Usefulness of a Non-Lying Strategy: Two Examples

There is a rational, self-interested reason to choose a strategy, and establish a reputation, of non-lying. This idea been recently illustrated by the condemnation of Alex Murdaugh for the murder of his wife and son, and by Sergei Lavrov, the foreign minister of the Russian government during a conference in India.

The theory is that if one follows a strategy of non-lying and succeeds establishing his reputation for telling the truth, he is more likely to be believed in the future. And to be believed and trusted is useful in any social relation.

I have no special insight about the trial and condemnation of Alex Murdaugh, scion of a family of prosecutors and himself a former part-time prosecutor in South Carolina. And I have no reason to question the jury’s verdict. My point is that the jury had reasons to doubt Murdaugh’s testimony in his own defense if only because he repeatedly admitted that he had lied in several other occasions (see “Alex Murdaugh’s Trial Lasted Six Weeks. Two Days Mattered Most,” Wall Street Journal, March 3, 2022):

The jurors heard Mr. Murdaugh, turned toward them and in tears, say that he had lied to dozens of people, hundreds of times, but he would not lie to them about the brutal killing of Maggie and Paul, who were both fatally shot at close range.

He told jurors that he lied to law enforcement about his whereabouts the night of the shooting. …

One by one, [the local prosecutor] ticked off a series of dozens of names, asking Mr. Murdaugh if he had lied to that person’s face. With rare exception, Mr. Murdaugh said he had. He admitted to stealing money from friends and clients, including his close friend Barrett Boulware, who was nearly destitute and on his deathbed at the time, and Hakeem Pinckney, a deaf teenager who had been rendered a quadriplegic in a car crash.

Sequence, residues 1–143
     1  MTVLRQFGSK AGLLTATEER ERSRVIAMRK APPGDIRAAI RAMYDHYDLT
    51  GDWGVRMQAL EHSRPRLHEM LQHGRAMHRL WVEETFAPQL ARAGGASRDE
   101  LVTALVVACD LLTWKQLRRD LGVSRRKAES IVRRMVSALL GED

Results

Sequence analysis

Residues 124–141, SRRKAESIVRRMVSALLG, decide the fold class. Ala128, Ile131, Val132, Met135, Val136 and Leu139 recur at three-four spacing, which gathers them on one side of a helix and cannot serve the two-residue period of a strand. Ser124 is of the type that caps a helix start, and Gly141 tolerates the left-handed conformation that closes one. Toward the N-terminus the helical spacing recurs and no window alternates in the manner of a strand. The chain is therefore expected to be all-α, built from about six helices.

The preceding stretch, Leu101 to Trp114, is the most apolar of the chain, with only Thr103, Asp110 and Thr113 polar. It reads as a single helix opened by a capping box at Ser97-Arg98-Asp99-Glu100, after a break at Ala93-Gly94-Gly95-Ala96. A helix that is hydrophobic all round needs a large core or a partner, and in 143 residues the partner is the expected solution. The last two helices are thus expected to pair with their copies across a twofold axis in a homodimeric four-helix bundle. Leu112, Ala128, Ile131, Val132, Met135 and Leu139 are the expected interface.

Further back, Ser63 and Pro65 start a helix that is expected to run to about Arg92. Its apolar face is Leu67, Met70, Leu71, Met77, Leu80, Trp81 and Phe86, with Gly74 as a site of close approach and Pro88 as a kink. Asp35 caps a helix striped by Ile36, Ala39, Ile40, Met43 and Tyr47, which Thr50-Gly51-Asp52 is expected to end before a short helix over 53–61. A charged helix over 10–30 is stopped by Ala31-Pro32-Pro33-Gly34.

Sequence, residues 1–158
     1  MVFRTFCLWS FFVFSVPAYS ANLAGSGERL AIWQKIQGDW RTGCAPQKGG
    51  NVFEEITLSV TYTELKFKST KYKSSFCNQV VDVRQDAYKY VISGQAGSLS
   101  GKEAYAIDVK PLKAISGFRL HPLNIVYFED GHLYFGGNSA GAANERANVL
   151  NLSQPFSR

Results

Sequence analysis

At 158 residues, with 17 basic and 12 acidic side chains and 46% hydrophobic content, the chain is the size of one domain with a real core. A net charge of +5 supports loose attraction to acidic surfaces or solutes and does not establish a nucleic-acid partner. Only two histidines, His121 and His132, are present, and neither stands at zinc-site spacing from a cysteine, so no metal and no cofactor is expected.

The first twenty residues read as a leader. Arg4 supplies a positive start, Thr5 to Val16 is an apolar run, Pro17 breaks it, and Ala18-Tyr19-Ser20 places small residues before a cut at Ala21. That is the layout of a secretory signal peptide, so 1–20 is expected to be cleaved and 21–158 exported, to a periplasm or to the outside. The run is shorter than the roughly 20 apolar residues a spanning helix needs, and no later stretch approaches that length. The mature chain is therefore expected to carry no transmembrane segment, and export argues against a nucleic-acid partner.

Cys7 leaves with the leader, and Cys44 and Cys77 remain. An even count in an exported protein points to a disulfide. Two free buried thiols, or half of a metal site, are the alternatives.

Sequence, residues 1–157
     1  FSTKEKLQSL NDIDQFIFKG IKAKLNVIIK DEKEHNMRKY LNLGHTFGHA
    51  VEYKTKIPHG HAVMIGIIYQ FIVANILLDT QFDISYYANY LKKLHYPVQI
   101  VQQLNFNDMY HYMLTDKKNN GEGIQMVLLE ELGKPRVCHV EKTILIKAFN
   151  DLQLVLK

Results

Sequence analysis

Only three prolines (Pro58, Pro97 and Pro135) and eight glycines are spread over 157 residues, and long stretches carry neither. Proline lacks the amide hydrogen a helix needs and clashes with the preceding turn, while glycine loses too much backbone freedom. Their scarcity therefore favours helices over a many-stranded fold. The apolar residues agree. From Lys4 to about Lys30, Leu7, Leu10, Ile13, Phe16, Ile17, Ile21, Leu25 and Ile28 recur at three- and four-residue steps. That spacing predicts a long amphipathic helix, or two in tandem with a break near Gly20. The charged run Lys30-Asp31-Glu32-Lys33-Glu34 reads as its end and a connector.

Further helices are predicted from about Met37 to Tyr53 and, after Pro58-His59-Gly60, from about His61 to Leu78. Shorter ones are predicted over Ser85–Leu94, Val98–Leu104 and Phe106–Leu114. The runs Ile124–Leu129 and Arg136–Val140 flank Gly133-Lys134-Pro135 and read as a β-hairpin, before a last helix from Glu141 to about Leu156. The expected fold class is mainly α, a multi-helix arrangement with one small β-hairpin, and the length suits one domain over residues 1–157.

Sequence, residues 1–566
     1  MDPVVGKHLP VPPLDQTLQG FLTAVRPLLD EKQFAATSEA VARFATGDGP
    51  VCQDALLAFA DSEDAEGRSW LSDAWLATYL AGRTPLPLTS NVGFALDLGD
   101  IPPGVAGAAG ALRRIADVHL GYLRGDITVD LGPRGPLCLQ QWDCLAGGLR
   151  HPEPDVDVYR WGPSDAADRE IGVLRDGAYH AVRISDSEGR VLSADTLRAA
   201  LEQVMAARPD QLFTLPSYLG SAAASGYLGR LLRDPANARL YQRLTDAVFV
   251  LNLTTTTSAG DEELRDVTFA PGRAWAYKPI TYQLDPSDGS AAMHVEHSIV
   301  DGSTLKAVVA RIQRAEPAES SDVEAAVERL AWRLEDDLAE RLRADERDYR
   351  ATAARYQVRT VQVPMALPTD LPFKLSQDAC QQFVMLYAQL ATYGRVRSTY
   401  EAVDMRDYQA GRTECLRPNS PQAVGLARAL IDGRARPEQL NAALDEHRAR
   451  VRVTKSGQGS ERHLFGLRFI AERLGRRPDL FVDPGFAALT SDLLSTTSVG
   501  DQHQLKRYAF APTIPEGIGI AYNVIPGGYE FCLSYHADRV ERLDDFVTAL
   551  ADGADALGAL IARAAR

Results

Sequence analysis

As for Mr. Lavrov, as he was answering questions at a conference in Delhi after a G20 meeting, he mentioned that the war in Ukraine had been “launched against us.” The audience reacted with a short burst of laughter, which, for an instant, destabilized even a habitual liar like Lavrov. He is more used to be called “Excellency.” It is worth watching a video of the event—for example the one on the website of the BBC, or one of the many others available on YouTube. The Guardian reports (“Russian Minister’s Claim Ukraine War ‘Launched Against Us’ Met With Laughter,” March 4, 2023):

“The war, which we are trying to stop, which was launched against us using Ukrainian people, of course, influenced the policy of Russia, including energy policy,” he said, briefly stumbling over his words as people in the audience laughed.

If you become known as a liar, nobody will believe you. Lavrov, however, is hired by a state that requires that he lie. The penalty for not lying might be death or at least much discomfort, so his incentives are to try to square the circle: lie each time he is asked to, and try to maintain some credibility outside his den of liars.

Which brings me to my second general point: as game theory and ordinary economic reasoning suggest, the individual’s optimal strategy changes if a critical number of liars is reached in a society. At the limit, there is no reason to tell the truth because nobody will believe you anyway. This result has a bearing on the conditions, including possibly the moral conditions, for the maintenance of a free society. Both Friedrich Hayek and James Buchanan emphasized, from different viewpoints, the moral dimension.